I have been working with True-Crypt for several years now, and like the open source program a lot. That much, that I'm still using it and not Microsoft's Bitlocker which is an alternative in select Windows Vista and Windows 7 editions. Over the years, I discovered a few aspects of the software that made my life a lot easier, and this article is about them. Don't expect the eights world wonder in here, but if you use True Crypt regularly you will probably appreciate them. That is, if you do not know them already.
One of the most important security precautions are backups, so that the encrypted volume can be restored in case of emergency. Backup in this regard does not mean a backup of the full volume, but the backup of the True-Crypt headers. The headers contain all the information about the volume. They can match the entered password for instance, which already indicates that they are the most important part of a True Crypt volume. If the headers get corrupted, and there is no backup to restore, the encrypted volume can never be accessed again.
To backup the volume header do the following. Open True Crypt and make sure the encrypted volume is currently not mounted. If it is dismount it. Now click on Tools > Backup Volume Header. This process requires administrative rights, and will ask for the volume password for security reasons.
You are then asked if the volume contains a hidden volume. A hidden volume basically is another volume inside the encrypted area. Make your selection. If you say yes you need to enter the password of the hidden volume as well. After that a file save prompt is displayed, to store the backed up header of the encrypted volume on a storage device. As the last step, move your mouse around to create random characters and select an algorithm if you like.
Volume headers can be restored by clicking on Tools > Restore Volume Headers. You need the backup header for that obviously and the passwords.
As a system administrator, one of the biggest problems with True Crypt is the missing ability to reset a user's password. The security design of True Crypt makes that impossible. On the other hand, if the user forgets the password then the data on the encrypted volume is toast.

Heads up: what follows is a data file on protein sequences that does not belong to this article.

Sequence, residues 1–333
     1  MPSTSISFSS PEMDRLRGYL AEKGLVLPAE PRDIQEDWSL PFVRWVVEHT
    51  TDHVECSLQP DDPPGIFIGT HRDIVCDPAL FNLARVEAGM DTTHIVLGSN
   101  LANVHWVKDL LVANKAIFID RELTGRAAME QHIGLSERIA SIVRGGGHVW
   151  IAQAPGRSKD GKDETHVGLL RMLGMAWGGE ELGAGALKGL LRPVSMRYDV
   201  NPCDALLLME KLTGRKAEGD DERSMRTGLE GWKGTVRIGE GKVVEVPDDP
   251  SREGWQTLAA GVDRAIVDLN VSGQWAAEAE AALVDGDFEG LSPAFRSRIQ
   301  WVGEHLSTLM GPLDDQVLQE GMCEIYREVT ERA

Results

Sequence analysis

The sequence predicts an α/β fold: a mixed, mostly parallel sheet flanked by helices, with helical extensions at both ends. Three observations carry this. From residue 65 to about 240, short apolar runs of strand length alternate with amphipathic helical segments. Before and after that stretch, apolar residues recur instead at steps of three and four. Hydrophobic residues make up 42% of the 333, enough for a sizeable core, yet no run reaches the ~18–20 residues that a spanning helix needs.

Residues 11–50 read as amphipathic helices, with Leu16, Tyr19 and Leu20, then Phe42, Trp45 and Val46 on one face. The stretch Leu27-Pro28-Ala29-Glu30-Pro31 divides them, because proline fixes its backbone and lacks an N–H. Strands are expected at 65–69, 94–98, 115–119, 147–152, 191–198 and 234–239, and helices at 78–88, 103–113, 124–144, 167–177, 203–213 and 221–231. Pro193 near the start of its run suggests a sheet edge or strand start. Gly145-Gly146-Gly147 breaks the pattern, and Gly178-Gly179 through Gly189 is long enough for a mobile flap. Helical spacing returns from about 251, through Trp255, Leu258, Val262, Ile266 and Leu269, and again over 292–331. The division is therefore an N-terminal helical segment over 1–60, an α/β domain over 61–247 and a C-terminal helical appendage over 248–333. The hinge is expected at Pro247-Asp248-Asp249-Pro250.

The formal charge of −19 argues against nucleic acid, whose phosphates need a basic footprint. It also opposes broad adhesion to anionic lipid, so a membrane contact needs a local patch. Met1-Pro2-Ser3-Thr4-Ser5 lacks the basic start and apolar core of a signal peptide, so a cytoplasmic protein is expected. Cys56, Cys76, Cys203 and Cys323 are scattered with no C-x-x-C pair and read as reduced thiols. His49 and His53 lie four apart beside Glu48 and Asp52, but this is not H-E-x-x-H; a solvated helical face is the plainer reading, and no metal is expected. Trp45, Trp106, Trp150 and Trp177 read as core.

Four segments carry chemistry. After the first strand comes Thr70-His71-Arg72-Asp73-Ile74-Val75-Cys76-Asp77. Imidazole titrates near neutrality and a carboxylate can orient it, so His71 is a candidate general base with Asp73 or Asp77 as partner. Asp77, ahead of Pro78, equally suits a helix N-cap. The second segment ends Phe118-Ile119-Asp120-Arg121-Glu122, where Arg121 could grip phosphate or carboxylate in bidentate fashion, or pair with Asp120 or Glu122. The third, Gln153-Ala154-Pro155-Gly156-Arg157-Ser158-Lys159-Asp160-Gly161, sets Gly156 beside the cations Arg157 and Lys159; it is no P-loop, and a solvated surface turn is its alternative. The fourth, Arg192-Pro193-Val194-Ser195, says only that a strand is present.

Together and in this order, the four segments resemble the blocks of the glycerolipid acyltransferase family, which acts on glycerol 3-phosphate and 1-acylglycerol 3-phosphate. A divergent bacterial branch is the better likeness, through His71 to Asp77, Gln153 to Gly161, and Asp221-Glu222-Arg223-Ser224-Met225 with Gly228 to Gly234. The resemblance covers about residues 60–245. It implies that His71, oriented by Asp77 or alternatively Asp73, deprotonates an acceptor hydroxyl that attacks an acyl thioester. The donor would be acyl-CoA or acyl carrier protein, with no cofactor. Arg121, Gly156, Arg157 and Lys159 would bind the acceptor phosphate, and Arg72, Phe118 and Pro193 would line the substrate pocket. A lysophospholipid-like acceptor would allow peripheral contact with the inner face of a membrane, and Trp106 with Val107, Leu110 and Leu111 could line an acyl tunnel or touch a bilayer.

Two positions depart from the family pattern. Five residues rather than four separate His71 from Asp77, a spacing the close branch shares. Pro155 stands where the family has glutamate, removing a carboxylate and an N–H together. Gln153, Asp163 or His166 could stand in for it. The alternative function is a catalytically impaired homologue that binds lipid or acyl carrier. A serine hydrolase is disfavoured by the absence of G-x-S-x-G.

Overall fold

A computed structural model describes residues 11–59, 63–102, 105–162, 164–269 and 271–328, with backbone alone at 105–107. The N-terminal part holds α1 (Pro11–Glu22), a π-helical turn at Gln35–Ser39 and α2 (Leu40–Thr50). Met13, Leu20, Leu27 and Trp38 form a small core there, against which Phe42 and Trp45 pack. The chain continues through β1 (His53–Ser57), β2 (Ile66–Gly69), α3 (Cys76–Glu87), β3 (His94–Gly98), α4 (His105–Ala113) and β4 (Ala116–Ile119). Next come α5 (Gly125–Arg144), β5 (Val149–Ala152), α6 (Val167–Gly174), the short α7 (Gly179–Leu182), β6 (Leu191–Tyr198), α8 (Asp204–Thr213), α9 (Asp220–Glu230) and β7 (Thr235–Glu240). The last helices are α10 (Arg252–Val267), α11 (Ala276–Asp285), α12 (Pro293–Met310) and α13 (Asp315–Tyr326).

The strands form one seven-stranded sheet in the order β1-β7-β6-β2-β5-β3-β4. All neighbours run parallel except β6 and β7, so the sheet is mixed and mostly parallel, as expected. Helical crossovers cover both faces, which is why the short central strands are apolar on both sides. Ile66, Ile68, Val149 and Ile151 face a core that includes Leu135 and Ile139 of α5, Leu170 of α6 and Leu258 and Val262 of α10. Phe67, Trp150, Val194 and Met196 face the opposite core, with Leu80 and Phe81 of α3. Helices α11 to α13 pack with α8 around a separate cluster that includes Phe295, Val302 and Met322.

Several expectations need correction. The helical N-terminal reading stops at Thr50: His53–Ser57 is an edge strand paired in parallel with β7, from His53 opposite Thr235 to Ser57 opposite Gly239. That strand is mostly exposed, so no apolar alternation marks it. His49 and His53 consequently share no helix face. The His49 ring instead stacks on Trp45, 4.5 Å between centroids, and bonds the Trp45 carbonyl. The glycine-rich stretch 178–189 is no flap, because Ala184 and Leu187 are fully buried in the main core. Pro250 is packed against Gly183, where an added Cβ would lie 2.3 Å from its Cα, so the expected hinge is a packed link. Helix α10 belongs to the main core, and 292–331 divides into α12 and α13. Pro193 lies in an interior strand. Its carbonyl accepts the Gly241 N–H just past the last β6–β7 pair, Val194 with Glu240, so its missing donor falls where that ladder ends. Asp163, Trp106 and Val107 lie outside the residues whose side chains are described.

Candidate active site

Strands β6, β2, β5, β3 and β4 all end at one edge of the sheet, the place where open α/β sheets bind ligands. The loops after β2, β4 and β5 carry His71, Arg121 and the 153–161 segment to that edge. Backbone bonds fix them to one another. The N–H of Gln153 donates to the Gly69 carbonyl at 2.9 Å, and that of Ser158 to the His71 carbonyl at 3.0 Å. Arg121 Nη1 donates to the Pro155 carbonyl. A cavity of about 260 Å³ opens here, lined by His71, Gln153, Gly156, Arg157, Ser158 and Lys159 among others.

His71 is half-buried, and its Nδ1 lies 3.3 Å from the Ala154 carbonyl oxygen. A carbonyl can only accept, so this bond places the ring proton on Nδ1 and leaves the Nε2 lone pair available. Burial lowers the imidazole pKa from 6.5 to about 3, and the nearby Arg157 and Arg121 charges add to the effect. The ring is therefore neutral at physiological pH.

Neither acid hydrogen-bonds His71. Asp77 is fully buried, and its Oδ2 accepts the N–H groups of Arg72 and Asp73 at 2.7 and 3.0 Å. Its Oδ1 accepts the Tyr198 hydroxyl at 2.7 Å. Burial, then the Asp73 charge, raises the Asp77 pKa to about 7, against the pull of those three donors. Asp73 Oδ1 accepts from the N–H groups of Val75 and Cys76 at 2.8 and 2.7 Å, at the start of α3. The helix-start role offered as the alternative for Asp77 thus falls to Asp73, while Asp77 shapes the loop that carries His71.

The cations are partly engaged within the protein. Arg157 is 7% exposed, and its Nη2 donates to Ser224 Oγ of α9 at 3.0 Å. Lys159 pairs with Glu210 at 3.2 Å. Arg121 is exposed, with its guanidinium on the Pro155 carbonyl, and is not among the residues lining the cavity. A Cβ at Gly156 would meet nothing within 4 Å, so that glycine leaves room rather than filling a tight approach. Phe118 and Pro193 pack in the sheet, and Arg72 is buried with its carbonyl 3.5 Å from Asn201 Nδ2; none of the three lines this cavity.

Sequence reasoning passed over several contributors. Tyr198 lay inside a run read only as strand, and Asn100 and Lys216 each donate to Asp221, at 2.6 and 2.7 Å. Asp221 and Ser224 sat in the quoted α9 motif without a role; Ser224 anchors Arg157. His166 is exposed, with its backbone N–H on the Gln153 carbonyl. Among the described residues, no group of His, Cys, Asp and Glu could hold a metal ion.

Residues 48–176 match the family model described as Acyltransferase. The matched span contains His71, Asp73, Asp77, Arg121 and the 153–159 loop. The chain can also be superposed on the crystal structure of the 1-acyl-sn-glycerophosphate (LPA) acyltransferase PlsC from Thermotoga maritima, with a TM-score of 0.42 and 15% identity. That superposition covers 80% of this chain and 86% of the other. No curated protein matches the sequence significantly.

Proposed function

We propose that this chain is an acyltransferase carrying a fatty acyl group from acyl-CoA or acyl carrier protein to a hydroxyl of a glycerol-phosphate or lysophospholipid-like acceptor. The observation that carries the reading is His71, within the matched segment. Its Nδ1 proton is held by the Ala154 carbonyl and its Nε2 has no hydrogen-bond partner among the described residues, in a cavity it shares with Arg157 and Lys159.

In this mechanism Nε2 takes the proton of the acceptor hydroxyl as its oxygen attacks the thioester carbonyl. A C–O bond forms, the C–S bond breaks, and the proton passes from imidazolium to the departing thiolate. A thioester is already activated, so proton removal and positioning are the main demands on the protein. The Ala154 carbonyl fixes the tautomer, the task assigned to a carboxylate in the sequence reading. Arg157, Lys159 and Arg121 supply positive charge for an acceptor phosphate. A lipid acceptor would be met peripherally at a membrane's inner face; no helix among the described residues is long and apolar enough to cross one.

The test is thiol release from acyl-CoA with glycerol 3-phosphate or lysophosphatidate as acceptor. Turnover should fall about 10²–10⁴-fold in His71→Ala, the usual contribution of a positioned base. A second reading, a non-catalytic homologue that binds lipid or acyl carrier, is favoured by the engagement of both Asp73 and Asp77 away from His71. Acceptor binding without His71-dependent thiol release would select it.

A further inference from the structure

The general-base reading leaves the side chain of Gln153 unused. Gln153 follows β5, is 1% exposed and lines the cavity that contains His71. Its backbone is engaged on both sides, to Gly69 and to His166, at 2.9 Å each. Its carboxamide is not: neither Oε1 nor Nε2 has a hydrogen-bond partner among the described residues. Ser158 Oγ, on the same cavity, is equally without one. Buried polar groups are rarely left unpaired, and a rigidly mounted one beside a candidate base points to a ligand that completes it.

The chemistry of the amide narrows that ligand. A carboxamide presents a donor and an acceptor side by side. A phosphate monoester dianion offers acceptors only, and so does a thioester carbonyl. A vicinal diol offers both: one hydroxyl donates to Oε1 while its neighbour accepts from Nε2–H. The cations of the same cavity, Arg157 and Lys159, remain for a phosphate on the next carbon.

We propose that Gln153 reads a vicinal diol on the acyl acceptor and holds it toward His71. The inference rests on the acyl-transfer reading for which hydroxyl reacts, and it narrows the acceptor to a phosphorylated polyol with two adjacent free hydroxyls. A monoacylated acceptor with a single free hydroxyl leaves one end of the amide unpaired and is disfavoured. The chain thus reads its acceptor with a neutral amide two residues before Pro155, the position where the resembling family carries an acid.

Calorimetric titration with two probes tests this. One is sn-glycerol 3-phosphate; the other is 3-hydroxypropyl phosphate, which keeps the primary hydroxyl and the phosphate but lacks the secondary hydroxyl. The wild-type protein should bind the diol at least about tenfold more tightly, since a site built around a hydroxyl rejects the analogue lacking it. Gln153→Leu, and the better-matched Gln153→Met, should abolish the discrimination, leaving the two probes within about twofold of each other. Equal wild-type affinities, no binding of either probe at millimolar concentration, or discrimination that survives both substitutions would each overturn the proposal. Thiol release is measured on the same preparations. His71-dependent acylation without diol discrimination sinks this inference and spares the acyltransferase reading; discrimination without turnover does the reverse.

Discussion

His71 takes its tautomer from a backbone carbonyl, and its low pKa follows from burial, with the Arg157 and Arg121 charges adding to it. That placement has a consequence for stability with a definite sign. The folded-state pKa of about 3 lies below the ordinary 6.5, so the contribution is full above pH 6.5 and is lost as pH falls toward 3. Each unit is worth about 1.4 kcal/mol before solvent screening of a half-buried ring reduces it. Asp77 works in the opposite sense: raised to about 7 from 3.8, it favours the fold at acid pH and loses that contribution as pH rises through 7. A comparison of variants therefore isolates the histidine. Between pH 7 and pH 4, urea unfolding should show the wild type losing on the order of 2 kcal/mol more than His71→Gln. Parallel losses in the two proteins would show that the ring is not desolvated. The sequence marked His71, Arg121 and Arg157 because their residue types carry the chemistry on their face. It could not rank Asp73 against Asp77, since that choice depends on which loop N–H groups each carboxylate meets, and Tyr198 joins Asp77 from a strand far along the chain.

The proposed solution is the following. The True-Crypt admin creates the encrypted volume and selects a password for it. The volume headers are then backed up and the password is changed. Then the user is given the new password and asked to change it in the software.
Now, whenever the user forgets the password the admin can restore the original headers with the first password, to recover the volume and repeat the process to give the user access to it again.
There may come a time when you want to change the password of a True Crypt volume. This can be a security precaution, or because the password was leaked or discovered. To change the password simply select a True Crypt volume first, and then Volumes > Change Volume Password in the True Crypt menu.
There are basically two options to use True Crypt in a network. The first is that the True Crypt volume gets mounted and shared on one computer system of the network, the second that all connected computers that need access to it mount it individually. Both options have their advantages and disadvantages. It is furthermore recommended to make sure the connections use encryption, otherwise it would be possible to snoop on the traffic in the network. (see sharing over a network for details)
Are you using True Crypt? If so, have anything to add to the list? Let me know in the comments.
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Ghacks is a technology news blog that was founded in 2005 by Martin Brinkmann. It has since then become one of the most popular tech news sites on the Internet with five authors and regular contributions from freelance writers.